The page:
Our country is convulsing over issues of diversity and race. Police departments from Baltimore to Minneapolis are talking about diversity hiring as the antidote to anti-Black police brutality. Last year, Hollywood scrambled to find diverse Academy Award presenters after realizing its nominees were mainly White.
Last week, a deeply divided United States Supreme Court upheld the use of racial preferences in admissions at the University of Texas, giving an unexpected reprieve to the type of affirmative action policies it has allowed for nearly four decades.
A polite term
“Diversity” sounds polite and hopeful. It is how we talk when we cannot talk about race, or when Whites get nervous.
The term “affirmative action” was first used in the United States in “Executive Order No.10925”, signed by President John F. Kennedy in March of 1961, which included a provision that government contractors “take affirmative action to ensure that applicants are employed, and employees are treated during employment, without regard to race, creed, color or national origin.”
In 1965, President Lyndon B. Johnson issued Executive Order 11246 which required government employers to take “affirmative action” to “hire without regard to race, religion and national origin.”
In 1967, gender was added to the anti-discrimination list.
Affirmative action is intended to promote the opportunities of defined minority groups within a society and to give minority groups equal access to that of the majority population.
The significance of upholding the University of Texas case and the importance of having a Supreme Court at full strength is that in past decisions, at least four Supreme Court justices believe affirmative action is unconstitutional.
In his concurrence to the first Fisher opinion, the late Justice Antonin Scalia wrote, “The Constitution proscribes government discrimination on the basis of race, and state-provided education is no exception.” Never mind that it was state discrimination to begin with!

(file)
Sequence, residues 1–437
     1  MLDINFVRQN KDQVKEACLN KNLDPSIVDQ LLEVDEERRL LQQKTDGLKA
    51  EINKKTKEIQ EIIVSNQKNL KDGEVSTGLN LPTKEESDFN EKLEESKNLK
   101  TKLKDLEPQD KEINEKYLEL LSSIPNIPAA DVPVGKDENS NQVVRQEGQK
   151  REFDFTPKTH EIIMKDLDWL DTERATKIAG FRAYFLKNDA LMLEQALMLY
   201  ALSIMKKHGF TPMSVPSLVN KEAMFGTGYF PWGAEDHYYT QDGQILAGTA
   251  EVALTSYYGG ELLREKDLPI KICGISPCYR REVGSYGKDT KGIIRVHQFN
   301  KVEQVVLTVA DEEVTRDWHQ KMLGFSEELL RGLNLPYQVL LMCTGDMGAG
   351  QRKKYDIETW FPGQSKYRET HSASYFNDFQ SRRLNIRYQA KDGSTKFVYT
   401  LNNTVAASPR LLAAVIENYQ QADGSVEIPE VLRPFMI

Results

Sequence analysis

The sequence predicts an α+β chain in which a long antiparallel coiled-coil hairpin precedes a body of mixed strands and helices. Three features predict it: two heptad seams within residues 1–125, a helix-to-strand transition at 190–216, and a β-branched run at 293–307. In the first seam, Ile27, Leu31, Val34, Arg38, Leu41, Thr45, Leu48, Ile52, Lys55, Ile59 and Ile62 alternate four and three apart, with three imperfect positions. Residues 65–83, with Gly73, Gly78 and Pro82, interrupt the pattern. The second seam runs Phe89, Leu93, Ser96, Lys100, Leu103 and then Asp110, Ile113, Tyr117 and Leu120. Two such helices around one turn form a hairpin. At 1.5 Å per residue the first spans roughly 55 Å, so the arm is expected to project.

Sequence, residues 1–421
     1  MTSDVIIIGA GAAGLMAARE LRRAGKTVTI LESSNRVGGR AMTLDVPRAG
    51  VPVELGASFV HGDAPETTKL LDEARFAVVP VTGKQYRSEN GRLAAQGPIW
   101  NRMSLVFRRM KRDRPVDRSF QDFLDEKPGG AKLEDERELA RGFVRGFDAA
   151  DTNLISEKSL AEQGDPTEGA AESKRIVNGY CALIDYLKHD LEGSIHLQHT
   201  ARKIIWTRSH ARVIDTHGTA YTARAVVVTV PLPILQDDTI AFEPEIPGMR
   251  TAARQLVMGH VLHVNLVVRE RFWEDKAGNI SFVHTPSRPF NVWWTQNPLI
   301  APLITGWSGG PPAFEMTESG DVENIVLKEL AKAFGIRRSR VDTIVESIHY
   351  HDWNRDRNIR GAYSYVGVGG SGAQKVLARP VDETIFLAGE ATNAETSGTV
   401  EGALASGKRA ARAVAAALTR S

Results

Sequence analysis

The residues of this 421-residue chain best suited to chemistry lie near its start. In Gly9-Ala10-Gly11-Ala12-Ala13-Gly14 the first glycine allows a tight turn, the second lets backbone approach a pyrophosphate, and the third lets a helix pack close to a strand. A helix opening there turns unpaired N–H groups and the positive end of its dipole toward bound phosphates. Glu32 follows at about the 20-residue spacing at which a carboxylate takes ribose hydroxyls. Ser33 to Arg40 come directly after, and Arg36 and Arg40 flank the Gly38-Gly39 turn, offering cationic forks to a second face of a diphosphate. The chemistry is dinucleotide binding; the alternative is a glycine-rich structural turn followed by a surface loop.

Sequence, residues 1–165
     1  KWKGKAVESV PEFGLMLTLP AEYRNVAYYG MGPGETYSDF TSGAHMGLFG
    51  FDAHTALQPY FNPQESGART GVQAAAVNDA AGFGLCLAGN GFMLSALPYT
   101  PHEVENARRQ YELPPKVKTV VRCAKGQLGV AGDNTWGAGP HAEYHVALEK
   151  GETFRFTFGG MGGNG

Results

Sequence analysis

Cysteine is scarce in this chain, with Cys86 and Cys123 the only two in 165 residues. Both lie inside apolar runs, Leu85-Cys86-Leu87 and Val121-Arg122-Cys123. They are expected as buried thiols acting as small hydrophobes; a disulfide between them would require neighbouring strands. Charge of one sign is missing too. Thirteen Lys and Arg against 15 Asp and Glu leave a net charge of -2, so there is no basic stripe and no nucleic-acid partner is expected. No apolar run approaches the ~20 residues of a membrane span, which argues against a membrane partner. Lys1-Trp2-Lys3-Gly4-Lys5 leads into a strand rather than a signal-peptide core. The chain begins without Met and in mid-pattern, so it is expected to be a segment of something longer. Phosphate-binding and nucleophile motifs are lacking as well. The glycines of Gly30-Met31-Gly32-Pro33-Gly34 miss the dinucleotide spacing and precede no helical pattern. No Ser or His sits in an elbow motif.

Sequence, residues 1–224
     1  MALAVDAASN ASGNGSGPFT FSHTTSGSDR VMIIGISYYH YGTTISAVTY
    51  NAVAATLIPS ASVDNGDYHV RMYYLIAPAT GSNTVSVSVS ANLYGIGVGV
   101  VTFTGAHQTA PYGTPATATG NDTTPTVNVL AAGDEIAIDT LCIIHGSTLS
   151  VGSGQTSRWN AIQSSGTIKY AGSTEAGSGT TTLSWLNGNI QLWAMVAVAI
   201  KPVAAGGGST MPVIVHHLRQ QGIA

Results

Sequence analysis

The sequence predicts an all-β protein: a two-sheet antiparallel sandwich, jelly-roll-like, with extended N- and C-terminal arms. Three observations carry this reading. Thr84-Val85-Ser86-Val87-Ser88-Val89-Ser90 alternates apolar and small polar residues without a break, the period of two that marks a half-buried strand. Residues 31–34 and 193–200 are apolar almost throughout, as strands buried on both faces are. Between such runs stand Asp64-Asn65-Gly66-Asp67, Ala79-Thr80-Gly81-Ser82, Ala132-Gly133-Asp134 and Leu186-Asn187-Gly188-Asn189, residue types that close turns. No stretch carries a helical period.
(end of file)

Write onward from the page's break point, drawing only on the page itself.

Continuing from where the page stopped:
On the same grounds, Justice Clarence Thomas said affirmative action is equivalent to Jim Crow.
In reference to voluntary school desegregation plan –which he struck down – Chief Justice John Roberts has said, “The way to stop discriminating on the basis of race is to stop discriminating on the basis of race,” as if race-consciousness is the same as racism.
If I understand correctly, the dissenting Justices believe Ms. Fisher is part of an oppressed class. A class that has endured years of unequal access to education, housing and employment and the like; a class in which women are paid on average only 77 percent of what men are paid, with Black women paid only 64 cents and Latinas just 55 cents.
A part of an oppressed class that can turn on the TV and continuously see her ‘sisters’ well-respected and widely represented in the News and all other mediums; that has a 70 percent chance or more of getting hired; that can rely on help from passers-by if she’s assaulted in public.
Shouldn’t be heard
The audacity of the decision is that it even reached the Supreme Court! This case not only threatened the use of racial preferences at the University of Texas-Austin, but across the nation.
In that sense, the 4-3 decision targeting only the Texas policy amounts to a partial victory for proponents of affirmative action.
To fully understand the significance of this decision, one must understand that privilege is defined as a special right, advantage, or immunity granted or available only to a particular person or group.
Had it not been for her “privilege,” this case would have been stricken at the lower level!
Dr. E. Faye Williams is national chair of the National Congress of Black Women, Inc. Contact her via www.nationalcongressbw.org.